Sony’s newer cameras have been offering an in-camera HDR (high dynamic range) function.
When you select this “auto HDR” mode, you can also set the EV (exposure value) range from 1 to 6. This is a total range and not the spacing between each of the 3 images it will shoot. So far, I’ve just been using the 6 EV range and been quite happy with the results.
When this mode is selected, the camera takes 3 quick images with the proper over/under exposure values and then combines them, automatically, to produce an HDR image. One nice thing it also does is to save the normal exposed image in addition to the HDR. This allows you to have at least the normal exposure in case you’re not pleased with the HDR.
At first, I was skeptical and then not particularly impressed with the output. The images had a flat look that seemed to lack contrast and color saturation. However, as I began to work with the HDR images, I found that just a bit of post processing could correct that. And, in retrospect, it actually makes sense. The HDR image was doing what it was supposed to do … i.e. save the highlights and shadows for you, such that the detail information was preserved.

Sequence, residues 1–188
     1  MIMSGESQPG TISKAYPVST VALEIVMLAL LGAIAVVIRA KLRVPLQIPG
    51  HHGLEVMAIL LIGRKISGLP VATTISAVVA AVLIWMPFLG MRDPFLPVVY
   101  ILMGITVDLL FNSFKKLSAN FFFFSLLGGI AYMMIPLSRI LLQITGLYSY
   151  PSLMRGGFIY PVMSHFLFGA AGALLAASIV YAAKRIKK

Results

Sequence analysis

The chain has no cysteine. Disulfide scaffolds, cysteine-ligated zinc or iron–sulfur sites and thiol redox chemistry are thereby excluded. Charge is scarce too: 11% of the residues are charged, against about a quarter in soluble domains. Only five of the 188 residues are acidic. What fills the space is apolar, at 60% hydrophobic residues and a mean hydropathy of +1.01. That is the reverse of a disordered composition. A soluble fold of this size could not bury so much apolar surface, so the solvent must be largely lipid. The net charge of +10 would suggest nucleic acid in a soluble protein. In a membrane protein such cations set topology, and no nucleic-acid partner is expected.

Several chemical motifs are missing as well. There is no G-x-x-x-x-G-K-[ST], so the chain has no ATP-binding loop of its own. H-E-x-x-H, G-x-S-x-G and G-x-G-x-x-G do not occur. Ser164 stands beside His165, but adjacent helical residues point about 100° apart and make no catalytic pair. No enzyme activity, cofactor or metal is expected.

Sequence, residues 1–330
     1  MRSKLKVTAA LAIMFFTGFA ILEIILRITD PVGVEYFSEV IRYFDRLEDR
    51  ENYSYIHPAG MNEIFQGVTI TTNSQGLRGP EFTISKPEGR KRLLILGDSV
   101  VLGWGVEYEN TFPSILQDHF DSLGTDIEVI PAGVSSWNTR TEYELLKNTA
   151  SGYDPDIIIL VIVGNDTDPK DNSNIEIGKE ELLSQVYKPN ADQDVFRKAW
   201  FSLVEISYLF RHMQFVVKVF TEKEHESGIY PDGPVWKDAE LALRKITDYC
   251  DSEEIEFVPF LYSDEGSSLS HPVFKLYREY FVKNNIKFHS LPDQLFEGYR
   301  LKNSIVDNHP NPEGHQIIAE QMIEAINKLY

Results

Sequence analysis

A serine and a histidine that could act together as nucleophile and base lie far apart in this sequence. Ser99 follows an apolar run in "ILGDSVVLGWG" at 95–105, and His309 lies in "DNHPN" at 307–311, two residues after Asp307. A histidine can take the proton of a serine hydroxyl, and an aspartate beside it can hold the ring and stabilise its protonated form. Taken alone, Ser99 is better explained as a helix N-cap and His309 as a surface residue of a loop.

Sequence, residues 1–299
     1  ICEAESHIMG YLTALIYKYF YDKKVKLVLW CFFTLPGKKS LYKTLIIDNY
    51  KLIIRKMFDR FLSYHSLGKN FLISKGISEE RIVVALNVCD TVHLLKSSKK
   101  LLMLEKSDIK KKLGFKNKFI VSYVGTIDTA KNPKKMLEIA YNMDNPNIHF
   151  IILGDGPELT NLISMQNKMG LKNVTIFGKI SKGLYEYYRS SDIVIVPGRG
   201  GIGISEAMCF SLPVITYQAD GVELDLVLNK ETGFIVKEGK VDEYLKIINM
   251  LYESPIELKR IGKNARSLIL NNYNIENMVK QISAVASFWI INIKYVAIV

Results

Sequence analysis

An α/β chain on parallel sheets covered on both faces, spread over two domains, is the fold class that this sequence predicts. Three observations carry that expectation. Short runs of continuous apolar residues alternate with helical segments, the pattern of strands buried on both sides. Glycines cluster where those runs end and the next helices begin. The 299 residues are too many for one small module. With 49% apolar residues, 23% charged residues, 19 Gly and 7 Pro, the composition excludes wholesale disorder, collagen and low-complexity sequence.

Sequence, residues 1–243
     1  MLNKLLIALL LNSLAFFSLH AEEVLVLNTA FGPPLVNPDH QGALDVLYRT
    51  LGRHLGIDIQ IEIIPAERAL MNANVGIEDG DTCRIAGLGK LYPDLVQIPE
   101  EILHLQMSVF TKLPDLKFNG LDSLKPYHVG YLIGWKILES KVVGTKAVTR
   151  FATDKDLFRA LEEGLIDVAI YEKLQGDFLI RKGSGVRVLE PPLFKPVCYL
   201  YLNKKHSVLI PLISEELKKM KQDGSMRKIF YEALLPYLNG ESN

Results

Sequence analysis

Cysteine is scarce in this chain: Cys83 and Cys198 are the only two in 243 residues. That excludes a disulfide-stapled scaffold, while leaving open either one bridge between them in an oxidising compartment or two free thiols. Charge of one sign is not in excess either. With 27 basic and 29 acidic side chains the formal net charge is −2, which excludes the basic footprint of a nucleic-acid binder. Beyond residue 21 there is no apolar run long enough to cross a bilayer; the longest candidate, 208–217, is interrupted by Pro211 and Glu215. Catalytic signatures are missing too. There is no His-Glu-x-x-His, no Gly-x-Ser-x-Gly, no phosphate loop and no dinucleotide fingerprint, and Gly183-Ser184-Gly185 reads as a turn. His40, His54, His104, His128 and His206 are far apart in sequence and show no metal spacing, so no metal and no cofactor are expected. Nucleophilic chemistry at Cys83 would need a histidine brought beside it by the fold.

In this sunrise image, the auto HDR worked great. It preserved the detail in the brighter clouds, didn’t allow the sun to be completely blown out, and also saved the shadow detail in the trees.
It seems, the more I use it … well, the more I use it. 🙂 What I mean by that is that as I become more adept at working with the HDR image it produces, I find I am more likely to use that feature. There’s really not much to lose – if the auto HDR doesn’t produce for me, I always have the normally exposed image to work with.
So, if you have an NEX-7, give it a whirl – I think you’ll like what you see!
Sony NEX-7 w/Sony 18-200mm OSS; auto HDR
Lightroom 4 (beta)